“It is vital that the UK governments fully recognise the psychological impact of the Covid-19 pandemic and increase access to talking therapies as part of the response to rising need.”

Andy Langford from Cruse Bereavement Care said:

“All of us will experience bereavement in our lives. Being bereaved can be a hugely isolating experience, and feelings and chronic loneliness is not uncommon. For many, the death of someone close can create or deepen feelings of being alone.

“As the report finds, we know that the right support at the right time can help someone who is chronically lonely. Cruse provides this support through our network of 5000 incredible trained Bereavement Volunteers, including via one-to-one support. We would encourage anyone who is struggling to reach out, whether that’s to a friend or family, or a support service like Cruse.”

Aidan Jones, Chief Executive of leading relationships charity Relate, said:

“The impact of loneliness at any age can be emotionally debilitating and physically harmful. In later life, when some people already find themselves with reduced social networks and increased health issues, it can be very difficult to deal with. Often, even when people are in relationships, they can still feel lonely. Understanding the root psychological causes for loneliness and creating targeted ways to help individuals in need can make all the difference to quality of life. Reaching out and ensuring someone feels heard and understood is an important first step. Relate offers relationship support services across England and Wales to people of all ages from all walks of life.”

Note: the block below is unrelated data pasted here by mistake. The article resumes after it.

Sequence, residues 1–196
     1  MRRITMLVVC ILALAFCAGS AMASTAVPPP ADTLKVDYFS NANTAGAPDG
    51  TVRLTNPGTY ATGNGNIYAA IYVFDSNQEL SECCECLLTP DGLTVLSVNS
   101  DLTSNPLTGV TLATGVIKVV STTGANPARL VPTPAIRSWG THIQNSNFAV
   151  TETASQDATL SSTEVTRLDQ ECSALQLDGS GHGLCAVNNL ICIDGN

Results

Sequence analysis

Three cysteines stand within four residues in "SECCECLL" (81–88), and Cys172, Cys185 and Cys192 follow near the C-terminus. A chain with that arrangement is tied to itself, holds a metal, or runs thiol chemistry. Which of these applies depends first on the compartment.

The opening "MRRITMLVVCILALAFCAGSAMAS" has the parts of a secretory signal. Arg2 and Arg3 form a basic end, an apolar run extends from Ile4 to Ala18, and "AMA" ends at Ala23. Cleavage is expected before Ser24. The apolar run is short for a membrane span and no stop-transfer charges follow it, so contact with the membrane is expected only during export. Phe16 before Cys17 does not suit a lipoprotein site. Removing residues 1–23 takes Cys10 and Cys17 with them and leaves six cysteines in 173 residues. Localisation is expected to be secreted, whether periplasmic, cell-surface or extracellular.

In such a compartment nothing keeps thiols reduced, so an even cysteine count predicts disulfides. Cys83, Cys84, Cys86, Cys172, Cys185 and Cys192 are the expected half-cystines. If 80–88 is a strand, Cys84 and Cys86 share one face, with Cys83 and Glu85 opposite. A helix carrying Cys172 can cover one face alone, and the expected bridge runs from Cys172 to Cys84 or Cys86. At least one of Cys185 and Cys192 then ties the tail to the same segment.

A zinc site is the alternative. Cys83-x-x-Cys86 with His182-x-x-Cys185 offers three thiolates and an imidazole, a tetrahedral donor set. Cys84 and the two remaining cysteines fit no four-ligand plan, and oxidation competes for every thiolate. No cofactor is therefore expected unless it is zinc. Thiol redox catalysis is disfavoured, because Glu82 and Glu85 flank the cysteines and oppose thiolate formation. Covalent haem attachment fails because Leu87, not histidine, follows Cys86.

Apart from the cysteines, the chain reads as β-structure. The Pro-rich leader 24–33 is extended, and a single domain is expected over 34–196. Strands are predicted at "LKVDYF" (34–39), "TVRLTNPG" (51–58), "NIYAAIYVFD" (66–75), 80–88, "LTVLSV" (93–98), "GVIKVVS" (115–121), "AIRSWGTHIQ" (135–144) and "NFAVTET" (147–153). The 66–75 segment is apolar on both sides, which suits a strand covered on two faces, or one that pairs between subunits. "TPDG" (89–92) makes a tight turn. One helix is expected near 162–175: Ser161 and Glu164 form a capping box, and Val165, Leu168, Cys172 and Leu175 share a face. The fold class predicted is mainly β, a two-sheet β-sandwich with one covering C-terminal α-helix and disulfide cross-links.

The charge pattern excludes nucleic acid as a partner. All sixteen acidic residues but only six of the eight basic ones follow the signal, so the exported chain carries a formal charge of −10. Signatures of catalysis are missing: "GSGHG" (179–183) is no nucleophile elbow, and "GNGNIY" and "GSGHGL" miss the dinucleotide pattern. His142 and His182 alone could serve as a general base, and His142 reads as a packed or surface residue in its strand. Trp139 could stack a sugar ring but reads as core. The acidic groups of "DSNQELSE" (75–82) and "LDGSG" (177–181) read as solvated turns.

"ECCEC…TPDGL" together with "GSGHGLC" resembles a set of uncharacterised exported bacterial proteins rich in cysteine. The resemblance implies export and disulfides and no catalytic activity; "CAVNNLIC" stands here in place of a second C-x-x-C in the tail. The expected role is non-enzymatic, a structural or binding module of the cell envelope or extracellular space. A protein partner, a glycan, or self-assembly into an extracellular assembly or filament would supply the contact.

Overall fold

Dr Mani Krishnan, Chair of the Old Age Faculty at The Royal College of Psychiatrists said:

“This comprehensive report clearly articulates not just the reasons that older people are so vulnerable to experiencing loneliness, but meaningful ways to prevent this and to provide support. It is essential that we recognise the impact on loneliness on the mental health of older people and take on board the messages of this report to ensure that psychological therapy is available to all older people, including those in digitally-excluded and hard-to-reach groups.”